The Ripon Forum

Volume 53, No. 2

April 2019

In this edition

By on April 16, 2019

My family and I are planning a visit to Normandy this summer to mark the 75th anniversary of D-Day.

In preparing for our trip, I naturally am doing some research on the invasion and the area where our troops landed on June 6, 1944.

Like many others, I have read books about the operation, and I have seen movies that depict the heroic efforts and tragic sacrifices that combined to make that day one which Americans look back on with pride, humility, and a deep sense of appreciation.

What Americans sometimes forget is that it wasn’t just U.S. troops who landed on the beach that morning. It was British troops and Canadian troops and troops from several other nations, as well. President Ronald Reagan paid tribute to these gallant forces during his famous speech at Normandy to mark the 50th Anniversary of the landing in 1984.

“There was the impossible valor of the Poles,” the Gipper stated, “who threw themselves between the enemy and the rest of Europe as the invasion took hold, and the unsurpassed courage of the Canadians who had already seen the horrors of war on this coast. They knew what awaited them there, but they would not be deterred. And once they hit Juno Beach, they never looked back.

“All of these men were part of a rollcall of honor with names that spoke of a pride as bright as the colors they bore: the Royal Winnipeg Rifles, Poland’s 24th Lancers, the Royal Scots Fusiliers, the Screaming Eagles, the Yeomen of England’s armored divisions, the forces of Free France, the Coast Guard’s ‘Matchbox Fleet’ and you, the American Rangers.”

In past appearances before The Ripon Society, House Armed Services Committee leader Mac Thornberry has spoken about the sacrifices that allied forces made on that day in Normandy and over the course of World War II. He has also spoken about how, in many respects, Americans have grown complacent about the international order that has been created since that time.

“I can give you lots of statistics about how many people have been lifted out of poverty, how life expectancy has increased, and how the world has benefited from what we and our allies created and maintained, Thornberry said in a November 2017 speech. “I think what Americans don’t appreciate is how much better our lives are. We have been able to increase our prosperity and our quality of life and our length of life largely because of the security situation in the world, and the economic situation that comes from that security.”

Today, that sense of security – and the international order that the allies created in the decades following World War II – is under assault. Treaties are being scrapped, institutions are being scrutinized, and America’s role as the leader of the free world is being questioned like it never has been before. In this edition of The Ripon Forum, we take a look at some of these institutions and treaties and examine why they remain important to the United States and our interests around the world.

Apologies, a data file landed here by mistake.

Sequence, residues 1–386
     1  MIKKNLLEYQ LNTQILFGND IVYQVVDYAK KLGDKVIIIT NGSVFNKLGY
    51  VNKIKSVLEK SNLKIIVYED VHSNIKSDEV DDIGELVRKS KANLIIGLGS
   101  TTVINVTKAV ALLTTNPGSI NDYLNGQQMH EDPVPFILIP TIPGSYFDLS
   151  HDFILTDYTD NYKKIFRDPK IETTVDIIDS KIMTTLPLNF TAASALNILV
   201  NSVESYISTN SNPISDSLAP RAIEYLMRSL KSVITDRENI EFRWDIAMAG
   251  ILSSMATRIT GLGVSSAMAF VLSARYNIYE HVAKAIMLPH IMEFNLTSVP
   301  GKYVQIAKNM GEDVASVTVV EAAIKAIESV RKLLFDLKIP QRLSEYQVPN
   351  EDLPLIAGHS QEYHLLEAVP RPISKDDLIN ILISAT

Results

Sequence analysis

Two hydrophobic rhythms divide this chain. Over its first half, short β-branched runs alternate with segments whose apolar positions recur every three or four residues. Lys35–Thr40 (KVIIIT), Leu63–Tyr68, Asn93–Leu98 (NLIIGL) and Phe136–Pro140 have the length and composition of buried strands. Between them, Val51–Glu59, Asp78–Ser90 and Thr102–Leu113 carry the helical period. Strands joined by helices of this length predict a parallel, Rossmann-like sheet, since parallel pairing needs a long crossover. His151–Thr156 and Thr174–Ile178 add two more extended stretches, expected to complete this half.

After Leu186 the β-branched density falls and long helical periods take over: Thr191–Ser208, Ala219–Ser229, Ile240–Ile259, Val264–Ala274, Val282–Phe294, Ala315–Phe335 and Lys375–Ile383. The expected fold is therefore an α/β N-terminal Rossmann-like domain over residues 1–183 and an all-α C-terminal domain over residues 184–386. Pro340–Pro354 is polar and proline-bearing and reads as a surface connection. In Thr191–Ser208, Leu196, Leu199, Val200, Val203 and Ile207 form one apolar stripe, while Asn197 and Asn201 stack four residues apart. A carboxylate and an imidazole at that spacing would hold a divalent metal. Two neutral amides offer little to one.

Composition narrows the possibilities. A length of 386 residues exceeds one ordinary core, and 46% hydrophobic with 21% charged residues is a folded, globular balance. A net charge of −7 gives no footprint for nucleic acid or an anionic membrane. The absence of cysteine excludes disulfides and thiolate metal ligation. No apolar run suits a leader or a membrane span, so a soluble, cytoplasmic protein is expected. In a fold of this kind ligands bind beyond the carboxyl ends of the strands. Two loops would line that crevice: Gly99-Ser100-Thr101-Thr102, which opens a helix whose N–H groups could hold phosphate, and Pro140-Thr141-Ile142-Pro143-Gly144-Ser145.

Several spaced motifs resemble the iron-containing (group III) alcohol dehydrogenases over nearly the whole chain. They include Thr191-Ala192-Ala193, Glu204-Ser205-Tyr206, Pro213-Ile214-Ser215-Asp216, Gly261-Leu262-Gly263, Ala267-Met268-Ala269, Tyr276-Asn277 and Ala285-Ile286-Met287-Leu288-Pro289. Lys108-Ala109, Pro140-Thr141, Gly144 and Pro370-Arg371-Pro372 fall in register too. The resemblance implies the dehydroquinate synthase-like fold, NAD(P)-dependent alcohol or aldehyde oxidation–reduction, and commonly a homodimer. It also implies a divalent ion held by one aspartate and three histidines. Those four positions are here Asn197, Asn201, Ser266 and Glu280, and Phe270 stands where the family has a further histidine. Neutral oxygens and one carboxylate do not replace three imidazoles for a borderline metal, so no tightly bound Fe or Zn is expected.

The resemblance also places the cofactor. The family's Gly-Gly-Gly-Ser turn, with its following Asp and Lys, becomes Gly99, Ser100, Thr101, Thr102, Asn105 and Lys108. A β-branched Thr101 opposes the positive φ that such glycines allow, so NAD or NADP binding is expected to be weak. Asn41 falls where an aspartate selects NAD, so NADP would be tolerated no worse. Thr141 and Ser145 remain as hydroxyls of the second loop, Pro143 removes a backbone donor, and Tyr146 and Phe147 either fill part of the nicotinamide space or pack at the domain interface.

Nebraska Congressman and retired Brigadier General Don Bacon kicks off our coverage with an assessment of the NATO alliance at a time when the President has called the value of that alliance into doubt. Along similar lines, former Senator Richard Lugar offers up a reasoned defense of the INF Treaty, and an explanation of what’s at stake by leaving it.

With the situation in Venezuela growing worse with each passing day, Florida Congressman Mario Diaz Balart shares his thoughts on how America is responding to the crisis and why we cannot afford to sit back and let other countries – particularly Russia – lead the way.

In an interview with the Forum, former Reagan Cabinet Secretary Ann McLaughlin Korologos discusses another volatile region of the world and explains how, over the past 10 years, the Middle East Investment Initiative has been working to promote stability through economic growth.

With Britain trying to figure out how to leave the European Union and the global trade picture being called into doubt, this latest edition also includes a series of op-eds and essays looking at America’s changing relationships with a number of its trading partners and how China is becoming a growing economic force around the world.

We stay closed to home in our latest Beyond the Beltway feature with an op-ed by Indiana State Senator Erin Houchin about the lessons that can be learned about governance from her home state. And in our latest Ripon Profile, Ohio Congressman Brad Wenstrup discusses the issue facing America that no one is talking about and the historical figure he would most like to meet.

As always, we hope you enjoy this latest edition, and encourage you to contact us with any comments or questions you might have.

Lou Zickar
Editor of The Ripon Forum

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